# LaTeX: Restate theorems, etc.

*For when your mathematical creations need an alter ego…*

In some circumstances, one might want to repeat a theorem, or a lemma, or a definition in more than one place (e.g. to state a theorem in the main text, while relegating the proof to an appendix, but wanting to restate the theorem prior to the proof). The problem is getting LaTeX to assign the same number to the new statement. My original way of accomplishing this had one important drawback: you could **not** refer (e.g., through a link) to the repeated theorem/etc.—but I found another way that allows one to do this. And best of all, the way to use it is *exactly* the same—so you just need to modify your preamble.

This is the code that goes in said preamble:

```
\newtheorem{rdef}{Definition}
\newtheorem{rlemma}{Lemma}
\newtheorem{rthm}{Theorem}
\newenvironment{repdefinition}[1]
\renewcommand\therdef{\ref*{#1}}\rdef}
{\endrdef}
{\newenvironment{replemma}[1]
\renewcommand\therlemma{\ref*{#1}}\rlemma}
{\endrlemma}
{\newenvironment{reptheorem}[1]
\renewcommand\therthm{\ref*{#1}}\rthm}
{\endrthm} {
```

As a quick inspection of the above code will show, it allows for the restatement of definitions, lemmas, and theorems—but the user can easily modify this to suit his own needs. And as I said above, usage is the same as in my original answer: to restate say, a theorem, where the original `\label`

is `thm:awesome`

, do:

```
\begin{reptheorem}{thm:awesome}
Here is the theorem restated: ...\end{reptheorem}
```

For lemmas, or definitions, replace with `replemma`

or `repdefinition`

respectively. These new theorems/etc. will get the same number as the original ones—but the original caveat still applies: any patches to the theorem, etc., environments—e.g. making `\emph{}`

yield bold upright text—may need to be redone for these new environments.

**Caveat.** A limitation of this approach—as well as that of the original strategy—is that the text comprising the theorem or whatever has to be copied to the location where it is to be restated. So if it needs to be changed, it has to be changed in all locations. In practice, this is not much of a hurdle, because usually theorems/etc. are repeated at most once (usually just before proving them in an appendix, when in the main text the result is stated without proof). But your mileage may vary…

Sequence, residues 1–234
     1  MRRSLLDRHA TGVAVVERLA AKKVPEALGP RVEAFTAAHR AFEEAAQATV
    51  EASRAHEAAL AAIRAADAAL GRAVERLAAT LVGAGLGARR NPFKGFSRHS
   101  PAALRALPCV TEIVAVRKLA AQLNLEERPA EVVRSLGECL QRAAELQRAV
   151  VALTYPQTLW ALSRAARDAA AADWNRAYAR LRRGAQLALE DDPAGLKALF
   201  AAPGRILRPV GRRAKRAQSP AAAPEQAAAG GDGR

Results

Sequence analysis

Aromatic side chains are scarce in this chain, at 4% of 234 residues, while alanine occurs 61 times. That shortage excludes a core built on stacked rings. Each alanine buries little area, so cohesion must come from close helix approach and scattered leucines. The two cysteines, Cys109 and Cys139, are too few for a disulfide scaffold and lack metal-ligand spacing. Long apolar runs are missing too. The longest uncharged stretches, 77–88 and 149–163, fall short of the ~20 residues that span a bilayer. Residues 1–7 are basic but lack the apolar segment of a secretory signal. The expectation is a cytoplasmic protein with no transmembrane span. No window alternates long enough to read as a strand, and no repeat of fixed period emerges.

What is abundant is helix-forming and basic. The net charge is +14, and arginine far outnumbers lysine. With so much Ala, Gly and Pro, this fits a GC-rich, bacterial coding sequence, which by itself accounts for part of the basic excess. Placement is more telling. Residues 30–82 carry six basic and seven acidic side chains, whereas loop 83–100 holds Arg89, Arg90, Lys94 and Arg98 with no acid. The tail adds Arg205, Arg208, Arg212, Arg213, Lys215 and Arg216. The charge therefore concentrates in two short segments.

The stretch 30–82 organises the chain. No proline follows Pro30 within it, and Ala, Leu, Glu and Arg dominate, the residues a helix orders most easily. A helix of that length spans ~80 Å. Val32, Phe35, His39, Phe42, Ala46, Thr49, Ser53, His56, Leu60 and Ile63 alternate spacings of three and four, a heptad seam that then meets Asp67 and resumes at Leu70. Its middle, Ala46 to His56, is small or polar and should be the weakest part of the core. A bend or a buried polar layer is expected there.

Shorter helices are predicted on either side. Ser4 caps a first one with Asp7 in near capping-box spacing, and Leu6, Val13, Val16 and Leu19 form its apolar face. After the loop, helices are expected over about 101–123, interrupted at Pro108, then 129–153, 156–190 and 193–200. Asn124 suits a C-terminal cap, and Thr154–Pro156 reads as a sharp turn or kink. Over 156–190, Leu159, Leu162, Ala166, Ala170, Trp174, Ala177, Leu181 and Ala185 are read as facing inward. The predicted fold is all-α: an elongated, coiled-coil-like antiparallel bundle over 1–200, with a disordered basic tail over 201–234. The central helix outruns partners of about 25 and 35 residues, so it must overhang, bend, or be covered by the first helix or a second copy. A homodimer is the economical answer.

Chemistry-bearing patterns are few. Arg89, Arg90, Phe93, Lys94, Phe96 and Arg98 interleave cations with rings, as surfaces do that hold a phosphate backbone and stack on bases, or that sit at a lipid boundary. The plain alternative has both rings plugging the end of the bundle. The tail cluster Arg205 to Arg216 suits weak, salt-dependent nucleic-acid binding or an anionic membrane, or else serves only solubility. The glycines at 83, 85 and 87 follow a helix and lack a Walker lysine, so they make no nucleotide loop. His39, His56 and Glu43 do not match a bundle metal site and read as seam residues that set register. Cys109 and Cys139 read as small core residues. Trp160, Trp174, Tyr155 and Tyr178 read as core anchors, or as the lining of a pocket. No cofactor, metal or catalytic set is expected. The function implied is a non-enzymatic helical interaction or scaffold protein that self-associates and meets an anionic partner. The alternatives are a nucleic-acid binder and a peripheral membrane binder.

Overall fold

## ORIGINAL ANSWER

In some circumstances, one might want to repeat a theorem, or a lemma, or a definition in more than one place (e.g. to state a theorem in the main text, while relegating the proof to an appendix, but wanting to restate the theorem prior to the proof). The problem is getting LaTeX to assign the same number to the new statement—and here is one way to do just that. First, add this to the preamble:

```
\makeatletter
\newtheorem*{rep@theorem}{\rep@title}
\newcommand{\newreptheorem}[2]{%
\newenvironment{rep#1}[1]{%
\def\rep@title{#2 \ref*{##1}}%
\begin{rep@theorem}}%
\end{rep@theorem}}}
{\makeatother
```

Then, *after* the declarations above, add:

```
\newreptheorem{theorem}{Theorem}
\newreptheorem{lemma}{Lemma}
\newreptheorem{definition}{Definition}
```

Now, to restate say, a theorem, where the original `\label`

is `thm:awesome`

, do:

```
\begin{reptheorem}{thm:awesome}
Here is the theorem restated: ...\end{reptheorem}
```

This new theorem will get the same number as the original one. For lemmas, or definitions, replace with `replemma`

or `repdefinition`

respectively. Note that any patches to the theorem, etc., environments—e.g. making `\emph{}`

yield bold upright text—may need to be redone for these new environments.

June 26, 2023. *Got feedback? Great, email is your friend!*

`* * *`

**Update, December 10, 2023.** Added a clarification about the need to actually repeat the content of the theorem or whatever, when restating it…

**Update, July 31, 2023.** Added a new way of restating theorems, etc., which allows one to refer back to the restated environment—something the original solution did not allow.